The aim of this study was to describe the impact of a tailored Web-based educational program designed to reduce excessive screening mammography recall.
MATERIALS AND METHODS:
Radiologists enrolled in one of four mammography registries in the United States were invited to take part and were randomly assigned to receive the intervention or to serve as controls. The controls were offered the intervention at the end of the study, and data collection included an assessment of their clinical practice as well. The intervention provided each radiologist with individual audit data for his or her sensitivity, specificity, recall rate, positive predictive value, and cancer detection rate compared to national benchmarks and peer comparisons for the same measures; profiled breast cancer risk in each radiologist's respective patient populations to illustrate how low breast cancer risk is in population-based settings; and evaluated the possible impact of medical malpractice concerns on recall rates. Participants' recall rates from actual practice were evaluated for three time periods: the 9 months before the intervention was delivered to the intervention group (baseline period), the 9 months between the intervention and control groups (T1), and the 9 months after completion of the intervention by the controls (T2). Logistic regression models examining the probability that a mammogram was recalled included indication of intervention versus control and time period (baseline, T1, and T2). Interactions between the groups and time period were also included to determine if the association between time period and the probability of a positive result differed across groups.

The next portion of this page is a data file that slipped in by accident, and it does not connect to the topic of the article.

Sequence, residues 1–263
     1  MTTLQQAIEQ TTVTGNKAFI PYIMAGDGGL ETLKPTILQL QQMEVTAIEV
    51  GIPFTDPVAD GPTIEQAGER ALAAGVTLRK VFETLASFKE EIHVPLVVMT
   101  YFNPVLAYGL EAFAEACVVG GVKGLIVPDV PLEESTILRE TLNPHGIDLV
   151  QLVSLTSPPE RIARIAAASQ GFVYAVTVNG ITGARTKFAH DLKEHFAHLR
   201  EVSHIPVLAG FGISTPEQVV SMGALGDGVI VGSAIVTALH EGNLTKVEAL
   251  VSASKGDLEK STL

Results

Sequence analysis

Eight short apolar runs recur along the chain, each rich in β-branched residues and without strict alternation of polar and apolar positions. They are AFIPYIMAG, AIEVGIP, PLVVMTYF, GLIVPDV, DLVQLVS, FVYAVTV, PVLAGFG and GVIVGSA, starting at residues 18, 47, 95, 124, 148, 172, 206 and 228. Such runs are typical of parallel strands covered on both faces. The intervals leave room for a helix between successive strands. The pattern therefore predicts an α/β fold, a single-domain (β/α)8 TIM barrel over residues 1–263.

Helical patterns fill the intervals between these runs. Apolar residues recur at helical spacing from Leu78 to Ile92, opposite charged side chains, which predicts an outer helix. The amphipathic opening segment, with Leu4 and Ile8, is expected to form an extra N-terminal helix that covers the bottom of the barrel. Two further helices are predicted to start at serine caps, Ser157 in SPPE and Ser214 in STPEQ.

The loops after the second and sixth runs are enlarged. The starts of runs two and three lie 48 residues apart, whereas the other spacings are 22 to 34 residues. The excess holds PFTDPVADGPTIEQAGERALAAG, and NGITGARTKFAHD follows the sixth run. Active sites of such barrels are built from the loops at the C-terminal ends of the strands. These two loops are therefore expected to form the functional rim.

Thirty-one radiologists who completed the continuing medical education intervention were included in the adjusted model comparing radiologists in the intervention group (n = 22) to radiologists who completed the intervention in the control group (n = 9). At T1, the intervention group had 12% higher odds of positive mammographic results compared to the controls, after controlling for baseline (odds ratio, 1.12; 95% confidence interval, 1.00-1.27; P = .0569). At T2, a similar association was found, but it was not statistically significant (odds ratio, 1.10; 95% confidence interval, 0.96 to 1.25). No associations were found among radiologists in the control group when comparing those who completed the continuing medical education intervention (n = 9) to those who did not (n = 10). In addition, no associations were found between time period and recall rate among radiologists who set realistic goals.
This study resulted in a null effect, which may indicate that a single 1-hour intervention is not adequate to change excessive recall among radiologists who undertook the intervention being tested.
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